We are very excited about this format because it allows all presenters to work around time zones and potential technical glitches to present their work while still interacting with and receiving feedback from colleagues.

At the same time, several unique software features will be available throughout the meeting including live networking rooms, chat functions, virtual booths, leaderboards tracking presentation visits and daily participation in the Congress, among other features. The Society will also present live its Frisch Medal and other awards. Finally, while we cannot visit Bocconi University and Milan in person, Bocconi University’s beautiful buildings, surrounding city and hospitality will be available virtually during the full Congress.

We have set registration fees for presenters and non-presenter attendees at rates designed to cover the costs of the software and staffing. We hope all of you will register as soon as possible (and no later than June 7 to be included in the program) and encourage your colleagues to register too at the $10 non-presenter rate.

To register, please click here

Registration Dates and Fees:
Registration opens: May 19, 2020
Presenter registration deadline: Sunday June 7, 2020
Non-presenter registration deadline: Friday August 7, 2020

Presenter Registration Fees:
(Presenters must register by June 7 to be included in the program)
ES Member; high-income countries: $100
ES Member; student or low-, low-middle, or upper-middle income countries: $50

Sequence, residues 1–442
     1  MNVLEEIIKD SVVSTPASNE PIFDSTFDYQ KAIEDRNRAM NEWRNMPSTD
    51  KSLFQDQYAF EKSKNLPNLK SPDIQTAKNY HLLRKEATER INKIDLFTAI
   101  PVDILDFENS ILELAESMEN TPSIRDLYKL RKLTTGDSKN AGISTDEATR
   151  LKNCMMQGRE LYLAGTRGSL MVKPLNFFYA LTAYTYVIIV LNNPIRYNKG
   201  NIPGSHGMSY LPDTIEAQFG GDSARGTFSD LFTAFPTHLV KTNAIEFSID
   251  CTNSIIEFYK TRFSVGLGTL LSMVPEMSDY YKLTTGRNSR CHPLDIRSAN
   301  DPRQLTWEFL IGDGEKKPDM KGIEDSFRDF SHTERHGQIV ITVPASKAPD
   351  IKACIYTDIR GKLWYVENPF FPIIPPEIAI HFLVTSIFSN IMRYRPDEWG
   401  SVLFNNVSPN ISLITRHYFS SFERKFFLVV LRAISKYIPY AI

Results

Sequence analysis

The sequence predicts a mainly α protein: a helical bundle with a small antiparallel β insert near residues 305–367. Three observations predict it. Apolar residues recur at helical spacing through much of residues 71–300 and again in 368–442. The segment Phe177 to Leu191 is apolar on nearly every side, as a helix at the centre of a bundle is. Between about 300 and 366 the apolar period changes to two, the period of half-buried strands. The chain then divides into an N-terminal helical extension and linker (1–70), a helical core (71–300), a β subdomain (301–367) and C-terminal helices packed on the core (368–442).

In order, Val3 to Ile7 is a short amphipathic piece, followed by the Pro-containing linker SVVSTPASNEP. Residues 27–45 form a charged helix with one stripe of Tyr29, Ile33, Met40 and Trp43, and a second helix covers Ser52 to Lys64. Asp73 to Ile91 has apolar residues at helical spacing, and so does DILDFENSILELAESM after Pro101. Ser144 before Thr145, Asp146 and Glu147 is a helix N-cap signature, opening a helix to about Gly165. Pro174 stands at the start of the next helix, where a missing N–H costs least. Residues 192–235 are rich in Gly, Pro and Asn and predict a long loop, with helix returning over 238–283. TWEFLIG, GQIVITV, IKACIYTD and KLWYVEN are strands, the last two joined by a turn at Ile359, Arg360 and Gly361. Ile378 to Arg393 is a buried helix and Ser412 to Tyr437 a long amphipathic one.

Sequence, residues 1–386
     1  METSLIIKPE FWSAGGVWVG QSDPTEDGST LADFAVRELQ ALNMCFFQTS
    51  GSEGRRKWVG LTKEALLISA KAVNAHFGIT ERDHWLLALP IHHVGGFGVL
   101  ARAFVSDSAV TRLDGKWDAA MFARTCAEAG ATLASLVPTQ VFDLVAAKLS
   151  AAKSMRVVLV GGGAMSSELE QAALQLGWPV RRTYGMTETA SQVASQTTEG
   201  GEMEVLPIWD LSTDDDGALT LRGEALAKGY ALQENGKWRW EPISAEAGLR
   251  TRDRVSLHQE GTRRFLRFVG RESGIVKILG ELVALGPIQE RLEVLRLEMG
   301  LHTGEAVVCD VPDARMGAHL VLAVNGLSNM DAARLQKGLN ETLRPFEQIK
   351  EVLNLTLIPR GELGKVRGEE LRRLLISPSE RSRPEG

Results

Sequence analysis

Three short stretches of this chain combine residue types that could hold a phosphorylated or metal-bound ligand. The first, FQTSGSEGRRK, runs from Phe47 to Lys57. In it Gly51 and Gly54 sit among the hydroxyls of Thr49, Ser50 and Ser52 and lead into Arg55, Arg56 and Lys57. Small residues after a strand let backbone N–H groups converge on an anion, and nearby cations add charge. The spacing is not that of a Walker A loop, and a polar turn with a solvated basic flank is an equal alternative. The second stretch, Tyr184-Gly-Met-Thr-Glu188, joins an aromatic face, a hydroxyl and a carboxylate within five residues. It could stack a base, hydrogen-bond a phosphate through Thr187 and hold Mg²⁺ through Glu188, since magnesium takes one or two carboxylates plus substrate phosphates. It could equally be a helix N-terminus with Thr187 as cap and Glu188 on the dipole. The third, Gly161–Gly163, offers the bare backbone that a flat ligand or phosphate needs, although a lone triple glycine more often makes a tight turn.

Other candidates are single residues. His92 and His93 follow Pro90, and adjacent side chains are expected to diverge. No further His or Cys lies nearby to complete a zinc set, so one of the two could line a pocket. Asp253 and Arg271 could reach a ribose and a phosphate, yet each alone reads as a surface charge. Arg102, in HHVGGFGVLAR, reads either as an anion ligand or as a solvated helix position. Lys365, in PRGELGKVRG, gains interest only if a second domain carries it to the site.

See World Bank link for countries by income.

Non-Presenter Registration Fee, all categories: $10

While the presenting author must pay the presenter registration fee by the deadline, co-authors wishing to register may pay the non-presenter fee and follow that deadline.

Countries by income category are defined by the World Bank, here (once in list, scroll down for country-by-income lists). Please note that the criterion for reduced fee is not nationality but country of work so that a national of Ukraine or Turkey, for example, working in North America is not eligible.

Students: A ‘student’ is defined as somebody registered in an academic program at the time of registration. If you are registering as a student, please send a scanned copy of your student ID or some similar verification to Charles.cai@econometricsociety.org during the registration process. Failure to provide this documentation could result in your registration being delayed or withdrawn.

Membership in the Econometric Society
While membership is not required for non-presenters, we would welcome your support. To join or renew a membership, please visit http://www.econometricsociety.org/user/register.

General questions may be sent to generalmanager@econometricsociety.org and queries about the scientific portion of the program to program chairs: Victor Chernozhukov (Econometrics) chernozhukov@gmail.com, Emmanuel Farhi (Macro) emmanuel.farhi@gmail.com, Johannes Hörner (Theory) joh.horner@gmail.com or Eliana La Ferrara (Applied) eliana.laferrara@unibocconi.it.